The further to the left or the right you move, the more your lens on life distorts.

Monday, October 02, 2017

Puerto Rico

First came the massive flooding of Hurricane Hugo. The response in Houston was organized, rapid and competent. Then came the massive category 4 storm, Irma, in South Florida. The federal response was, once again, organized, rapid and competent. I suspect that Democrats and their trained hamsters in the media quietly wanted either of both storms to be Donald Trump's "Katrina," but the facts on the ground simply wouldn't support that argument.

The Category 5 hurricane, Maria, that hit Puerto Rico gave those suffering from Trump Derangement Syndrome one last chance. The Democrat mayor of San Juan, who criticized the federal response, gave them the opening they needed to begin the drum beat. Of course, the fact that the Mayor was a rabid Clinton supporter, that she had eschewed the appropriate planning that was required to prepare for the storm before it hit and the necessary logistics in the aftermath were of little consequence. In the words of far too many of the trained hamsters, this was just another example of Trump's "racism" and "misogyny." All of that, of course, is fantasy, but no matter, the trained hamsters are running with it.

The reality is far different. Assets were put into place before the storm hit. Planning did occur and resources were moved to the Island immediately after the storm abated. Things are very bad, but Category 5 hurricanes tend to have that result.

But for Dems, their trained hamsters in the media, and #Nevertrumpers, it's all about allocating blame and name calling. Here's the reality as described by Glen Reynolds:
... Puerto Rico is an island. The long lines of utility trucks and semi-trailers full of supplies that streamed into the areas of Texas and Florida hit by hurricanes Harvey and Irma can’t drive to Puerto Rico. Everything that gets there has to come in by air and sea, and couldn’t even do that until airports and seaports, damaged by the storm, were up and running, which took a while. Plus, as Hendrix notes, Puerto Rico’s infrastructure and government are nowhere near as robust and effective as is the case in Texas and Florida.

Worse yet, Maria was the second hurricane to hit Puerto Rico, and the third to hit the United States in the space of a few weeks, and many U.S. government assets were already committed elsewhere.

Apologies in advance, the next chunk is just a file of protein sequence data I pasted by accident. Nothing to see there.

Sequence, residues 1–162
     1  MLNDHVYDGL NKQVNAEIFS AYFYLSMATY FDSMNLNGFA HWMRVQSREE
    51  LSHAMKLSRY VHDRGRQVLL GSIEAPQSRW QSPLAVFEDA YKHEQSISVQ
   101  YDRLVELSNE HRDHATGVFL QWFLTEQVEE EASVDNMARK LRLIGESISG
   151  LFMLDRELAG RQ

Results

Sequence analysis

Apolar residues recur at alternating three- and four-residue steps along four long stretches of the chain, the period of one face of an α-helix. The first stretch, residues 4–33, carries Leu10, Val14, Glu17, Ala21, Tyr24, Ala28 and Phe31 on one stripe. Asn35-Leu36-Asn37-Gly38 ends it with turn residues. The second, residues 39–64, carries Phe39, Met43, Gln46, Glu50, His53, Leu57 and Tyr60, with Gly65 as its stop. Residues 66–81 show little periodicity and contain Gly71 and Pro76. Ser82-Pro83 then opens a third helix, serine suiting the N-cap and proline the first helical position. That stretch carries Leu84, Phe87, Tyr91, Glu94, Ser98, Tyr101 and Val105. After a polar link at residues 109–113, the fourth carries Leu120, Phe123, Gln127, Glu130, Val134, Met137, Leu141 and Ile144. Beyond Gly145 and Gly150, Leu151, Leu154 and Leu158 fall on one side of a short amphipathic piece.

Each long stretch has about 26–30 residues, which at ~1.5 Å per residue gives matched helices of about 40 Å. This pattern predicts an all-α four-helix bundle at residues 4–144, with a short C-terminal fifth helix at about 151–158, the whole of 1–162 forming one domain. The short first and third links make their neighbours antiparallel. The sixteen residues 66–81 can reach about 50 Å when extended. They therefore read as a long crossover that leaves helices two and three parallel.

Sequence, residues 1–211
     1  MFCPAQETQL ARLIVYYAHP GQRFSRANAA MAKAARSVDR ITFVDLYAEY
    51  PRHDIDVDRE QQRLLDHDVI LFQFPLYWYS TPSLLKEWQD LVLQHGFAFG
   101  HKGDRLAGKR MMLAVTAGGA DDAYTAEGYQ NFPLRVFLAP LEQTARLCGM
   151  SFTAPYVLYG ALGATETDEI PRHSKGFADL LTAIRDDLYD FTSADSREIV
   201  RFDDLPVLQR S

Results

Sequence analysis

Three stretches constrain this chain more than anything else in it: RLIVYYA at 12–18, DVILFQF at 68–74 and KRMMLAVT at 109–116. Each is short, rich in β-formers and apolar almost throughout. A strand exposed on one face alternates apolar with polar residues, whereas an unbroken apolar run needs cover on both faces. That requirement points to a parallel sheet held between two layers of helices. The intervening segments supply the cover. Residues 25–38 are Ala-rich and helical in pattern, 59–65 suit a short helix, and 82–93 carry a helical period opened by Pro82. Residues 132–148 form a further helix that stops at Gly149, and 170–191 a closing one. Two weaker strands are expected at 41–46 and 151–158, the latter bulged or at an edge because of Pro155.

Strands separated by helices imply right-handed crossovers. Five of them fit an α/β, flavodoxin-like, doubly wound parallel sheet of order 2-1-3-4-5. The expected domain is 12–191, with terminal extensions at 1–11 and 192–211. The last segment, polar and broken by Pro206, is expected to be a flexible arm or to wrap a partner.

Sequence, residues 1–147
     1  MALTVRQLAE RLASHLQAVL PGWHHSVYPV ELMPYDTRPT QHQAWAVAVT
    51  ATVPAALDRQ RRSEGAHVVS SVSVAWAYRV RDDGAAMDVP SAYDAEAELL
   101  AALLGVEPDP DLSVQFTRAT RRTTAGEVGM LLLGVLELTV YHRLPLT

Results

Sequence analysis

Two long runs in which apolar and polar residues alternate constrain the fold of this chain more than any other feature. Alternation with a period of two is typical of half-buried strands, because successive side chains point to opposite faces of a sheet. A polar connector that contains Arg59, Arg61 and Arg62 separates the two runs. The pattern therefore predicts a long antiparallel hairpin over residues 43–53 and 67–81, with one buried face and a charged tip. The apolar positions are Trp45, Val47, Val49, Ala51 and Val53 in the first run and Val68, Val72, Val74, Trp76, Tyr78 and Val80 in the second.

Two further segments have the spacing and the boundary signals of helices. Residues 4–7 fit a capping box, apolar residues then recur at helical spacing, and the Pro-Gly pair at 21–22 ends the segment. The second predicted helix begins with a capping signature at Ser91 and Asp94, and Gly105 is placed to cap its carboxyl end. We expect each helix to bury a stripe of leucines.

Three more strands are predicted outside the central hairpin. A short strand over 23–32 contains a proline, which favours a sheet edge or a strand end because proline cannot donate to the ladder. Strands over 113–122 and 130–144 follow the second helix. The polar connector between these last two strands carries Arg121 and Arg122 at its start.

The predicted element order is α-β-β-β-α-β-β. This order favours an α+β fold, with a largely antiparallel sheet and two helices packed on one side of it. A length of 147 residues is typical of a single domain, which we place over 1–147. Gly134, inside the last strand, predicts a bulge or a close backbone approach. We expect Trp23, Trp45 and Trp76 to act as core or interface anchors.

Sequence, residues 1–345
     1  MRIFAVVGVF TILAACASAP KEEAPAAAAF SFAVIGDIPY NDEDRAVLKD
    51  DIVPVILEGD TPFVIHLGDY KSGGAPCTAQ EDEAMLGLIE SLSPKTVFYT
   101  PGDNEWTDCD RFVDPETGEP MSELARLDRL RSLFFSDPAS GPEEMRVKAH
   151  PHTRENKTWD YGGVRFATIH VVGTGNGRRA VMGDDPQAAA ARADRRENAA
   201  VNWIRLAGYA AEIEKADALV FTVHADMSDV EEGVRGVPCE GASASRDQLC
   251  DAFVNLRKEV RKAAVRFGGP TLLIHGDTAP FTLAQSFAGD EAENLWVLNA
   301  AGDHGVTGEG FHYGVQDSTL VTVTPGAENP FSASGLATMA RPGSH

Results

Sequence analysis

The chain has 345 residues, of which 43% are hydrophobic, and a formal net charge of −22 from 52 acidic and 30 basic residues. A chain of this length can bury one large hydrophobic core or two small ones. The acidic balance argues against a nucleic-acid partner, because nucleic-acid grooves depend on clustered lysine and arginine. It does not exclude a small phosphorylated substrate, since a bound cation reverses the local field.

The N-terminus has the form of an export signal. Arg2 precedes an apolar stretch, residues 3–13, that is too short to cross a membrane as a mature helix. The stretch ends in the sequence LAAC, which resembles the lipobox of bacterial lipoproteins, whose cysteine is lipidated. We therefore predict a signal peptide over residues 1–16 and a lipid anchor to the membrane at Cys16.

That means recovery is going to be slower no matter what. Relief officials on the island say that aid is getting to the ports now, but the problem is distribution, with most truck drivers unable to get to work because of the destruction.

“It’s a lack of drivers for the transport trucks, the 18-wheelers," Col. Michael Valle, who is in charge of the Hurricane Maria relief efforts, told The Huffington Post. "There are ships full of supplies, backed up in the ports, waiting to have a vehicle to unload into. However, only 20% of the truck drivers show up to work. These are private citizens in Puerto Rico, paid by companies that are contracted by the government.”
There will be lessons learned from each of the storms, but overall, the response by the feds has been commendable. Sure, there are problems, some significant, but that doesn't mean that the current president has somehow dropped the ball.

Those who have decided to criticize the federal response on partisan grounds or suggest that somehow "racism" has played a role in Puerto Rico are playing a despicable game. Then again, that's par for the course in this roiled political environment.


One of the important lessons of Puerto Rico is the importance of a "robust" infrastructure. We, as a country, need to improve infrastructure across the board. If that takes the commitment of $1 trillion or more, so be it. The price of not doing so could be far, far greater.

I'm a strong advocate of smaller government. But one of the important roles of the federal government is to support, enhance and build national infrastructure. For decades, we've spent far too much growing government rather than improving infrastucture. That has to change.

We also need to harden critical elements of our infrastructure—our electric grid, our ports, our rail network, our critical private sector computer networks—against EMP attacks. And if you don't know what EMP is, it's time to learn. The previous administration had an opportunity to do just that with a $800 billion "stimulus." They frittered the money away. Now it's Trump's turn. He's a builder. It's time to build.